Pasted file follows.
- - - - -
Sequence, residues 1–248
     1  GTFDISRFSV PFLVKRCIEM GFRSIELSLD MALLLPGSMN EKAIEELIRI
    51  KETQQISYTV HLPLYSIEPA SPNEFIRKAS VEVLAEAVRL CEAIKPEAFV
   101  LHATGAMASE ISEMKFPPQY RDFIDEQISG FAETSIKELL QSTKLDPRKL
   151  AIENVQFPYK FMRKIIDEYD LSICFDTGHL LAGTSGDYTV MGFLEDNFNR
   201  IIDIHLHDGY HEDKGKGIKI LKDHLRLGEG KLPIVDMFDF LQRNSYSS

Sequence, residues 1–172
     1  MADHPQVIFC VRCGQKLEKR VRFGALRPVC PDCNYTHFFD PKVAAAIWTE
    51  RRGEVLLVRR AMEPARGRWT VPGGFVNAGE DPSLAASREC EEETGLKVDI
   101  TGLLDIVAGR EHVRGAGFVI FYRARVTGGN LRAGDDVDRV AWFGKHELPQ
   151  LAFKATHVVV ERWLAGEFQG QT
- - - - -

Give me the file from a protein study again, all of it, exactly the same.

Sequence, residues 1–248
     1  GTFDISRFSV PFLVKRCIEM GFRSIELSLD MALLLPGSMN EKAIEELIRI
    51  KETQQISYTV HLPLYSIEPA SPNEFIRKAS VEVLAEAVRL CEAIKPEAFV
   101  LHATGAMASE ISEMKFPPQY RDFIDEQISG FAETSIKELL QSTKLDPRKL
   151  AIENVQFPYK FMRKIIDEYD LSICFDTGHL LAGTSGDYTV MGFLEDNFNR
   201  IIDIHLHDGY HEDKGKGIKI LKDHLRLGEG KLPIVDMFDF LQRNSYSS

Sequence, residues 1–172
     1  MADHPQVIFC VRCGQKLEKR VRFGALRPVC PDCNYTHFFD PKVAAAIWTE
    51  RRGEVLLVRR AMEPARGRWT VPGGFVNAGE DPSLAASREC EEETGLKVDI
   101  TGLLDIVAGR EHVRGAGFVI FYRARVTGGN LRAGDDVDRV AWFGKHELPQ
   151  LAFKATHVVV ERWLAGEFQG QT